United States District Court, D. Delaware
William A. Crawford, Esquire, Noelle Briana Torrice, Esquire:
Franklin & Prokopik, Wilmington, DE - attorneys for
Plaintiff Securian Life Insurance Company
Gerard Holmes, Esquire, Richard H. Cross, Jr., Esquire: Cross
& Simon, LLC, Wilmington, DE - attorneys for David Dawson
R. Weaver, Jr., Esquire, Wilmington, DE - attorneys for Beth
P. Ullom, Ian C. Payne, and William Payne
NOREIKA, U.S. DISTRICT JUDGE
Plaintiff, Securian Life Insurance Company
("SLIC"), has moved for leave to deposit into the
registry of the Court $236, 000.00 in death benefits payable
by a group term life insurance policy issued to a non-party,
E.I. DuPont de Nemours and Co. Policy #34343-G
("Policy") plus accrued interest (collectively the
"Funds"). In its motion, SLIC also seeks to be
dismissed as the party plaintiff in this action and seeks a
preliminary and permanent injunction as to all defendants
precluding each of them from suing SLIC 1) to recover the
Funds or 2) on any claims derivative of the Policy. Finally,
SLIC seeks to tax as recoverable from the corpus of the
Funds, its reasonable costs and attorneys' fees.
Defendants Beth P. Ullom, Ian C. Payne and William Payne have
not objected to SLIC's motion. Defendant David Dawson has
filed a limited objection and reservation of certain rights.
federal interpleader statute, 28 U.S.C. § 1335, "is
a remedial device which enables a person holding property or
money to compel two or more persons asserting mutually
exclusive rights to the fund to join and litigate their
respective claims in one action." NYLife Distribs.,
Inc. v. The Adherence Grp., Inc. et al, 72 F.3d 371, 374
(3d Cir. 1995) (citing 3A J. Moore & J. Lucas,
Moore's Federal Practice Sec. 22.02 (2d ed. 1994)). This
"relieves the stakeholder from determining at his peril
the merits of competing claims and shields him from the
prospect of multiple liability." Id. It also
"gives the claimant who ultimately prevails ready access
to the disputed fund." Id. The statute further
allows the district court to enjoin any other proceedings
that may impact the person holding property or money at
issue. Id. at 375.
action commenced under §1335 "typically involves
two steps: during the first, the district court determines
whether the requirements of the statute have been met and
whether the stakeholder may be relieved from liability;
during the second, it actually adjudicates the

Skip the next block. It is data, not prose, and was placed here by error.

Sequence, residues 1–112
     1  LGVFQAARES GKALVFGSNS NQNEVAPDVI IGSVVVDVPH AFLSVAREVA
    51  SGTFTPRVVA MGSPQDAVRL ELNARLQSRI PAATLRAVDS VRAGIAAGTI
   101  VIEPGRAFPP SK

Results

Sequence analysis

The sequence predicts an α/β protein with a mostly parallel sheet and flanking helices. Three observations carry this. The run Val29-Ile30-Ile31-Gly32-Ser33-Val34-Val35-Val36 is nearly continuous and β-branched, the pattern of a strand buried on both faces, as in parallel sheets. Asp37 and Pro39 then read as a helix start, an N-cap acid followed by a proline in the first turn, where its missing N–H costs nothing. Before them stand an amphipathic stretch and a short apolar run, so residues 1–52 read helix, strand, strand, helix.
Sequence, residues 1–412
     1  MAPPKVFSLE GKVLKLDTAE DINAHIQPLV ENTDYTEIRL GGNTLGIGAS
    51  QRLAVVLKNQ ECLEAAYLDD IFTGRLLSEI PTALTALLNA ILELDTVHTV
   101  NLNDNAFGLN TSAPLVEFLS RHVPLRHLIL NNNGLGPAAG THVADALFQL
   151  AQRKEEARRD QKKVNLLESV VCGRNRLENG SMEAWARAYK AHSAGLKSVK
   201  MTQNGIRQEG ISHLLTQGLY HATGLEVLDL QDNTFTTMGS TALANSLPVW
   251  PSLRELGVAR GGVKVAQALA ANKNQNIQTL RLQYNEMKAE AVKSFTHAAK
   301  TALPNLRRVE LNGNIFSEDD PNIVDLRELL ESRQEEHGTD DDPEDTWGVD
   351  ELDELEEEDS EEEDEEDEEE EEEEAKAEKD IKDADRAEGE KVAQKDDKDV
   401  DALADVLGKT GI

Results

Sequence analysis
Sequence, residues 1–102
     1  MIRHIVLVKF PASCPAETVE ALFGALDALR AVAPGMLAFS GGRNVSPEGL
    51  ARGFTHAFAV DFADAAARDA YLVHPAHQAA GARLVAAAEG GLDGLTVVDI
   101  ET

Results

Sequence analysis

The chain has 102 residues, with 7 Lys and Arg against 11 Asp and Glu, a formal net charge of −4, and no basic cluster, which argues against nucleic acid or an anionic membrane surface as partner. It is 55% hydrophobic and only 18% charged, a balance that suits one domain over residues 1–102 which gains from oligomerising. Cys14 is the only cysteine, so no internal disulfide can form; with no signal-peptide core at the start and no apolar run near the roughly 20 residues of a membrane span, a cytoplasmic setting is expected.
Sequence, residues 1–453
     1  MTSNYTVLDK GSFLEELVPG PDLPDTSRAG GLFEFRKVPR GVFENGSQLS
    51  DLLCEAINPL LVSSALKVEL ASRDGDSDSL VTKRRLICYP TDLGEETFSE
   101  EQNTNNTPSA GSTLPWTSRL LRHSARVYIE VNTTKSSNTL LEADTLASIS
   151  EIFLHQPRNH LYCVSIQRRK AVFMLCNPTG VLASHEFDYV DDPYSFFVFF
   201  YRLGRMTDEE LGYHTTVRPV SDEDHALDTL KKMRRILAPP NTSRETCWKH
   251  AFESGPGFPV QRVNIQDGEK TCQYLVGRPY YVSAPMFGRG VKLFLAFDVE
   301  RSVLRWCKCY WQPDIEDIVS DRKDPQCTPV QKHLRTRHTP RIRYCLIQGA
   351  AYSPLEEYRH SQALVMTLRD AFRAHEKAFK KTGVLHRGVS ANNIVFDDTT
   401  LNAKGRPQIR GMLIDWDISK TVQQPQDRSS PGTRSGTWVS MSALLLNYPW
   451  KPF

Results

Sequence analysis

defendants' adverse claims to the interpleaded
fund." Id. (citing New York Life Ins. Co.
v. Connecticut Dev. Auth., 700 F.2d 91, 95 (2d Cir.
1983); 7 C. Wright, A. Miller & Mary Kay Kane, 7 Federal
Practice and Procedure Sec. 1714 (2nd Ed. 1986)). The second
step is ultimately resolved by the entry of a judgment in
favor of the claimant who is lawfully entitled to the stake.
Id. (citing Diamond Shamrock Oil & Gas Corp.
v. Commissioner of Revenues, 422 F.2d 532, 534 (8th Cir.
the Court addresses only the first step. It is undisputed
that the requirements of the first step have been met. SLIC
possesses property, the Funds, and that property belong to
one or more of the defendants. SLIC also disclaims all
interest in the property and seeks to dispose of the property
as the Court directs. SLIC meets the first step and thus may
be relieved from liability and the Funds may deposited into
the registry of the Court.
as no objection has been made to SLIC's request to be
dismissed as the party plaintiff in this action, or its
requests for a preliminary and permanent injunction as to all
defendants precluding each of them from suing SLIC to recover
the Funds or on any claims derivative of the Policy, the
Court will grant SLIC's motion in those respects as well.
respect to SLIC's request to recover its reasonable costs
and attorneys' fees from the corpus of the Funds,
defendant, David Dawson, objects. The awarding of attorney
fees in an interpleader complaint is "committed to the
sound discretion of the trial court." Banner Life
Ins. Co. v. U.S. Bank, NA,931 F.Supp.2d 629, 632 (D.
Del. 2013) (citing Mutual of Omaha Ins. Co. v.
Dolby,531 F.Supp. 511, 516 (E.D. Pa. 1982)).
"Insurance companies regularly encounter disputes
between multiple claimants to a policy's benefits. Making
a determination as to which claim prevails is the ordinary
business of insurance companies. Awarding attorney fees to
insurance companies would shift their ordinary business
expenses to the claimants, which is not generally
appropriate. Id. (citing Mutual of Omaha at
517; Fidelity Bank v. Com. Marine and General Assur.
Co.,592 F.Supp. 513, 526 (E.D. Pa. 1984)).
Nevertheless, as ...